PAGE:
Our research shows that brands may be losing access to approximately $402bn in sales due to complex user experiences.

For example, large retailers that focus exclusively on online customer experiences without ensuring that every consumer-brand interaction (including those in-store) is simple and friction-free ultimately alienate customers when their in-store pick-up process is complex – even if their initial customer experience is stellar. Consumers rarely revisit stores that fail to deliver on fundamental brand promises as consistently online as they do in-store, and that failure creates a market opportunity for competitors.

How to get simple – fast

If leaving revenue on the table isn’t appealing, there’s good news: simple doesn’t have to be difficult. Upon reviewing our simplicity index, the top-performing brands leaned into three key trends. Here’s what they are and how to take advantage of them.

1) Climate-conscious innovation

Brands recognize that consumers care about how their goods and services are created, processed and delivered. But that doesn’t mean that consumers don’t care about simplicity and convenience. They want both.

When you embark on climate-conscious initiatives, make sure that they’re connected naturally to your brand – and that they will have a positive impact. Make it simple for your audience to participate in your conservation efforts, and monitor your own efforts so you can share your wins as they happen.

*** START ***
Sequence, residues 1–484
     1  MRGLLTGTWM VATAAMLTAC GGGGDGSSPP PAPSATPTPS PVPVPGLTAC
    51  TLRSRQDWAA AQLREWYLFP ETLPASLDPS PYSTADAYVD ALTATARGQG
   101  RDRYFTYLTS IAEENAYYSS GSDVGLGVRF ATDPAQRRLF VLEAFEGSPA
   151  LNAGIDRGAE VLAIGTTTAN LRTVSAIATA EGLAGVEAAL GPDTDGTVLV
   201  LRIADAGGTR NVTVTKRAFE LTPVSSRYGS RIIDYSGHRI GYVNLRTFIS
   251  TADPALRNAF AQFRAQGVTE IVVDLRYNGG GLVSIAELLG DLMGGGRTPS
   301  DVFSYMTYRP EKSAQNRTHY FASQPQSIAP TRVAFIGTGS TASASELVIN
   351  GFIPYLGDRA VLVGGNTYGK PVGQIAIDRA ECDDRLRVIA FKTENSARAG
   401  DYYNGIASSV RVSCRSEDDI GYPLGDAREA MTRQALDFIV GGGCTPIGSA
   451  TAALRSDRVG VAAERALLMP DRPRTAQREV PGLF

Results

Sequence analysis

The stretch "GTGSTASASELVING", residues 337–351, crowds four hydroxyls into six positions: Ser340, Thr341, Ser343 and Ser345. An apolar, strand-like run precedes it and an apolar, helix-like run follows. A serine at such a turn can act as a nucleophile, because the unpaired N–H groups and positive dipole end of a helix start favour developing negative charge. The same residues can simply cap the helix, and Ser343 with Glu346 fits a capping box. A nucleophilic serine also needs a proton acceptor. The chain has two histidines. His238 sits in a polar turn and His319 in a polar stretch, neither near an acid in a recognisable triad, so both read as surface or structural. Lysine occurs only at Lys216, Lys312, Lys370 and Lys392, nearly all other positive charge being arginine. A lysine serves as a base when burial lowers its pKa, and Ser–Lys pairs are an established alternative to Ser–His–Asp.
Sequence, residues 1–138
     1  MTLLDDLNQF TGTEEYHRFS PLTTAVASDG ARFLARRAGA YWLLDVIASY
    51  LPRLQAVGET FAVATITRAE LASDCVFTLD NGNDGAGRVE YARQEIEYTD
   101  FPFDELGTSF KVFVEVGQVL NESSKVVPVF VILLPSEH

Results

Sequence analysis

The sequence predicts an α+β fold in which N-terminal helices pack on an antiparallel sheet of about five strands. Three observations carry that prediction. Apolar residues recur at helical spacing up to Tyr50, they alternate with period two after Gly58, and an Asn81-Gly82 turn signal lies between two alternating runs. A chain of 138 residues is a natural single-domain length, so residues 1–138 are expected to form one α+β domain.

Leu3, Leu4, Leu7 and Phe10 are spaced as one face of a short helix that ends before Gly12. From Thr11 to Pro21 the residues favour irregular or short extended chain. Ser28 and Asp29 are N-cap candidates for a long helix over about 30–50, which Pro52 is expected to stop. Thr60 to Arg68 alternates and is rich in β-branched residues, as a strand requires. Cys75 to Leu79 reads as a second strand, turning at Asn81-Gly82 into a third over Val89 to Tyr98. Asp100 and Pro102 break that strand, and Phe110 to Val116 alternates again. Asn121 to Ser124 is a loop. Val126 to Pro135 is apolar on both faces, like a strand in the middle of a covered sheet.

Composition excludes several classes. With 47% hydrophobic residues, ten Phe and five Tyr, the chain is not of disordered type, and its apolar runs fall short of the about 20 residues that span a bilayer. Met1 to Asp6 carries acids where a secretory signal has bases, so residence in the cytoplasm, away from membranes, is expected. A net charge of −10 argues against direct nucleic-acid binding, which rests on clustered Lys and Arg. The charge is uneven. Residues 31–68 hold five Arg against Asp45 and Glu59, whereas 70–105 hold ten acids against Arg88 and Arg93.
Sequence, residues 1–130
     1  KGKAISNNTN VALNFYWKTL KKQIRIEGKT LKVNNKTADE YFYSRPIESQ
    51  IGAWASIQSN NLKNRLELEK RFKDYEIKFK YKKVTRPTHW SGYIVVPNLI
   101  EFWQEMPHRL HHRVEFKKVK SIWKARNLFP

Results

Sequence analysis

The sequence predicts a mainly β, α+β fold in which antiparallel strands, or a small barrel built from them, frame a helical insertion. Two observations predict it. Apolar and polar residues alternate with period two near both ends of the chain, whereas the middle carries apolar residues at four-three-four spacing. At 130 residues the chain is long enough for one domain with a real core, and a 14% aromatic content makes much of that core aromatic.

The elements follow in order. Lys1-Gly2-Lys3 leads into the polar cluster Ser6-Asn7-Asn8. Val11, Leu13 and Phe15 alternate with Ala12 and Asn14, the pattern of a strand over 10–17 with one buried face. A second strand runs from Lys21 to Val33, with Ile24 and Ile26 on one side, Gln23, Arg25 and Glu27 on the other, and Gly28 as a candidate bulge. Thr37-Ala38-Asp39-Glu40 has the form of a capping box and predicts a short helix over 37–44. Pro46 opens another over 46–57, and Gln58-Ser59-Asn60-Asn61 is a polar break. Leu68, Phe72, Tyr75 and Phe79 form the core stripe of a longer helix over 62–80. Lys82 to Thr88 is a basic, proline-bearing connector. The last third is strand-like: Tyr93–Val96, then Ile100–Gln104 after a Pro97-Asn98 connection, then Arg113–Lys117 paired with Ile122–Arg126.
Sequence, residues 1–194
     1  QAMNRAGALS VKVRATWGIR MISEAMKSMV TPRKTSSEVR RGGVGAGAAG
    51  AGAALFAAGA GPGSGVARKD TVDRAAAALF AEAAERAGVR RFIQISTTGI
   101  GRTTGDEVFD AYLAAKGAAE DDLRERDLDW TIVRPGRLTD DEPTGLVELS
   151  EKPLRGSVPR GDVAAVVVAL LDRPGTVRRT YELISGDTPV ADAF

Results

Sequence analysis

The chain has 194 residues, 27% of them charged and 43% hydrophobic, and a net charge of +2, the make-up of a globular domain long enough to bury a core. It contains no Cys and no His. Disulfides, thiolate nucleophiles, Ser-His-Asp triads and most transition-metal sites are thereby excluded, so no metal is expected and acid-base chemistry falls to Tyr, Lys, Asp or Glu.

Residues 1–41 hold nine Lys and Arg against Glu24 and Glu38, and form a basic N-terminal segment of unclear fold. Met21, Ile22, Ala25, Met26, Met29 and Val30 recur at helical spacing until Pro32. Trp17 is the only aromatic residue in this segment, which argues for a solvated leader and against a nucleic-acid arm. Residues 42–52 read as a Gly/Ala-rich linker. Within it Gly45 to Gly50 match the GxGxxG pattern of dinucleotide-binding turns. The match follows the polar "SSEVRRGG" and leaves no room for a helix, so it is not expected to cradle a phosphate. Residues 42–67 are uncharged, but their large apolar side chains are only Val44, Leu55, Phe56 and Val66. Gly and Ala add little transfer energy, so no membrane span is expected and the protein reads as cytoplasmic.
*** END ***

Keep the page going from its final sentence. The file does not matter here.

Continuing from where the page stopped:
2) Shop ‘glocal’

Glocalization is about translating a global brand in a local setting. Our index’s top-performing brands bring the best elements of digital experiences – simplicity, efficiency and intuitive design – to deepen the value consumers receive from localized shopping experiences.

To make local experiences more simple and engaging, look for technology and partnerships that raise the local profile of your brand. Research what your consumers love about local merchants and suppliers, and decide how your global brand aligns with those values.

3) Home screen home

Consumers don’t lose their taste for simplicity once they leave their desktops. Savvy brands bring simplicity to both in-person and online interactions.

If you have touchpoints online and in real life, ensure that your customer experiences connect to and simplify in-store visits. Use technology to remove complexity from consumer interactions that start online. Remember: it’s essential to be user-friendly, but you have to do it at scale.

Consumers have moved on from complexity – your brand should too.

Consumers don’t need bells and whistles – they want their needs met on demand. Every innovation should be viewed through the prism of user experience and simplicity. Avoid complicated new features and focus on getting the job done.

Brian Rafferty, global director, business analytics and insights at Siegel+Gale.

Customer Experience Technology Siegel+Gale

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Siegel+Gale is a global branding company headquartered in NYC. Our core expertise spans brand development, brand strategy, design, and customer experience.